How one advisor found her niche by providing unique expertise to help divorced, widowed female clients
Statistics show that 90% of women will be solely responsible for their financial management, and for Darcie Crowe, Senior Wealth Advisor & Senior Portfolio Manager at Canaccord Genuity Wealth Management, real-life examples kept walking through the door — and she was able to put her specialized training to work.
Crowe earned her Certified Divorce Financial Analyst (CDFA) designation and became a member of the Institute for Divorce Financial Analysts (IDFA) “because enough clients and referrals were in that situation and asking for advice about the financial implications, and I quickly realized there’s a lot of unique planning required and some of the specialty education that’s part of the CDFA program would be beneficial.”
Whether because the Baby Boomer generation is reaching the age where many spouses — particularly women — are seeing their partners die, because there’s a significant uptick in Grey Divorces, or because the volatility of the last few years has driven women to take a more active role in their finances, it’s a strong area of need where people are going through transitional life events and need specific guidance.
“A big part of my practice focuses on clients in these situations and I have a lot of experience working through this complex but comprehensive planning process,” Crowe says. “Making sure their investment portfolio aligns with their needs is incredibly important, but there are so many other ways to add value to their financial security going forward. It’s an incredibly challenging, emotional time — but they’re also making significant financial decisions that will impact the rest of their life.”
At the beginning of a divorce the first thing that comes to mind is often hiring a lawyer, and while that’s important, the financial side of the equation also needs to be considered. Many will reach out to a planner or advisor once the divorce is finalized, but it’s beneficial to work with one while going through the process rather than after the settlement.
For Crowe, the first step is to develop an in-depth understanding of the client’s budget sheet and monthly cashflow. Clients must be aware of their assets and liabilities, and how their incomes and expenses will look as they move forward solo. It’s important to be proactive — for example, making any immediate changes that need to be done to ensure financial security — but when they’re in the flux of a life transition, Crowe stresses the importance of taking “a really empathetic approach.”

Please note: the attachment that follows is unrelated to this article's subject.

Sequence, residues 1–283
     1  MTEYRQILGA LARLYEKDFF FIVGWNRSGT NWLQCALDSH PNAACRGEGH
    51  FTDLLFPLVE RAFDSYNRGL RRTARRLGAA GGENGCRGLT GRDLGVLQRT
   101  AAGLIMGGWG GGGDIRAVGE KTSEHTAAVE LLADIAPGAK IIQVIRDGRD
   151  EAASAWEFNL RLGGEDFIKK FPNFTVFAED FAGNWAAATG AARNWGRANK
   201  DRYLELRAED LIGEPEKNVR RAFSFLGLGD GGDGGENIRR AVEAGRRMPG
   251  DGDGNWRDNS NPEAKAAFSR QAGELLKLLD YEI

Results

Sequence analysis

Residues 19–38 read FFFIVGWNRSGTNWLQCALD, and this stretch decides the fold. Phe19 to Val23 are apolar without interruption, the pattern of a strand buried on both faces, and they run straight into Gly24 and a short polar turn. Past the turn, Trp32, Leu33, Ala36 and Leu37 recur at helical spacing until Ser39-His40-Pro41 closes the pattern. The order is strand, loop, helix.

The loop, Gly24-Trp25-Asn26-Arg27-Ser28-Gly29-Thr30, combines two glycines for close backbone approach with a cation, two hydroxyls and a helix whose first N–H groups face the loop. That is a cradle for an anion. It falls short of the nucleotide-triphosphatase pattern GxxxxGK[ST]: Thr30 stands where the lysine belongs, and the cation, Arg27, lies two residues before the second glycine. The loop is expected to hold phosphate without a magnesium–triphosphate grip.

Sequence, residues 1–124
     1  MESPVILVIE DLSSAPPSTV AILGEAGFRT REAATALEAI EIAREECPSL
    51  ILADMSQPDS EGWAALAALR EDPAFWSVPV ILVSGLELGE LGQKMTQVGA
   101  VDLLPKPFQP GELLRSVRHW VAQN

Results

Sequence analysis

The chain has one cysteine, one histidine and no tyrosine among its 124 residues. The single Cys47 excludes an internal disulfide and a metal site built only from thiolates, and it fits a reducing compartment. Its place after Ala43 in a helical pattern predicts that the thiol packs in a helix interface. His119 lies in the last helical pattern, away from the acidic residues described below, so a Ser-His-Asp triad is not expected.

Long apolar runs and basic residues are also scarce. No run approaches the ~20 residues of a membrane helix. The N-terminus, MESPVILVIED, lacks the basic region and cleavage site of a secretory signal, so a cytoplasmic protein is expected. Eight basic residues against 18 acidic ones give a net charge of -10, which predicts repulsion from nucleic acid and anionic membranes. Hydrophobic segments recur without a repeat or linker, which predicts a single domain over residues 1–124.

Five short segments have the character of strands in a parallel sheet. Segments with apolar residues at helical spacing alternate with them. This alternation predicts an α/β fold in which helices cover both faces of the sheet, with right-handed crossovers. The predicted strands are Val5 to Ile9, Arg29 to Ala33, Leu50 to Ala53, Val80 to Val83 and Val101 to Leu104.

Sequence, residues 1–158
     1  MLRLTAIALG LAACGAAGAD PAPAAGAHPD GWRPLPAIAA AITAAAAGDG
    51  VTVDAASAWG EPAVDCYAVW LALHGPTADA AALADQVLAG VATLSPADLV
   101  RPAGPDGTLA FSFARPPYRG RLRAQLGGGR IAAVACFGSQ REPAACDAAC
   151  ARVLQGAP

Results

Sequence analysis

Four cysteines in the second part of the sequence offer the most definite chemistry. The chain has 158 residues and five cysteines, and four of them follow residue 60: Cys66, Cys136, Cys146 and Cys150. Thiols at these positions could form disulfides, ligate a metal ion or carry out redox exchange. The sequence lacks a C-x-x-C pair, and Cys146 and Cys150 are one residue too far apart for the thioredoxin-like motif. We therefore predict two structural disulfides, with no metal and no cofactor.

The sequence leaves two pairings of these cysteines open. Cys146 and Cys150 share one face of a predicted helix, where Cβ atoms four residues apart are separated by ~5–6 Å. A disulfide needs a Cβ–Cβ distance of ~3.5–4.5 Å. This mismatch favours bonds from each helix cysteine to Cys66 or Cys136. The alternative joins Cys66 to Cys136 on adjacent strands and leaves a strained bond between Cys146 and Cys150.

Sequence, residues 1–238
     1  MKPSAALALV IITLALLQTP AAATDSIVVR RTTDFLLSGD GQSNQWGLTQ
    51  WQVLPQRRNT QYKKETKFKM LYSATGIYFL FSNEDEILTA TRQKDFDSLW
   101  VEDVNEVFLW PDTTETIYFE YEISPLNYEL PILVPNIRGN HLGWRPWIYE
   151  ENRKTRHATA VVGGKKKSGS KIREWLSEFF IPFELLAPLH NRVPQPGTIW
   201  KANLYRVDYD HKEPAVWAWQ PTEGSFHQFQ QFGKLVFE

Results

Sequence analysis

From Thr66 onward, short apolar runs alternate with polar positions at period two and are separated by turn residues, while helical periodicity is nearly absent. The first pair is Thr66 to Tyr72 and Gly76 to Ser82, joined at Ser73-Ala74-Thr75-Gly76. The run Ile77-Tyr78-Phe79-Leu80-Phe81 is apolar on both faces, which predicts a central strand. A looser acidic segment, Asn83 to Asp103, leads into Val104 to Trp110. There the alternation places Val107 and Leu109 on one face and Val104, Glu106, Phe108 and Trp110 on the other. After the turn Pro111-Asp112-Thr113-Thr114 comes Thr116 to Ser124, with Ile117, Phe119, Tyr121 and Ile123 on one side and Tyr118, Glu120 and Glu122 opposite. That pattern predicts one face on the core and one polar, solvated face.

“We often say, you don’t want to make any rash decisions within 6-12 months unless there’s something glaringly obvious,” she says. “Clients need time to digest and work through the emotional ramifications before they make any further drastic changes. We make sure the client feels heard and are given space from an emotional standpoint, and then we invest the time to educate them and make sure they’re confident making decisions going forward.”
The next step is putting in place a comprehensive financial and investment plan, for throughout the divorce process and afterwards. There are so many concerns in the early stages, such as whether or not they are able to keep the family home or if they’ll have to return to work, and working through a financial plan with the client helps answer those key questions and highlight any significant changes that need to be made to their lifestyle.
From an investment perspective, many of the clients Crowe connects with weren’t in charge of investments within the family previously and have no experience with these new responsibilities. Look at their portfolio and determine if they’re comfortable with it now that they’re the one managing it for themselves as a single person rather than a spouse managing it for the family. Is it suitable? Is it working towards their new goals and objectives? Is it taking into account their risk tolerance? These are the questions that need to be asked and answered at this stage, Crowe notes, adding she makes the effort to stem this issue before it becomes one: in her practice, she puts “a strong emphasis on having both parties at the table as much as possible.”
The more they’re connected and engaged in financial management, the more comfortable they become with the concepts over time, and if they ever do find themselves in a situation where the big decisions fall on them during an incredibly emotional and challenging time, they’ll be armed with a good sense of their objectives and an understanding of how their money is working for them.
“From helping them file insurance policies, to changes to estate planning, to updating their financial plans to prepare them for the future, we work closely with the client to ensure they feel secure, educated, knowledgeable, and confident,” says Crowe. “It can be a couple years’ process to get them there, but it’s incredibly rewarding when we do.”
While Crowe finds her specialization within a niche market helpful in building out a practice and attracting clients going through life transitional events who require the unique training you have, whether a financial professional is a generalist, works with businessowners, or prefers to collaborate with physicians, there is one universal truth: investment returns are incredibly important in this line of work but they’re not the only thing that matters to clients.
“Broader, more in depth conversations about what’s going on in the clients’ lives and the lives of their family are incredibly valuable as an advisor,” Crowe says. “If you dig deeper than surface level interactions, you can uncover additional ways to add value.”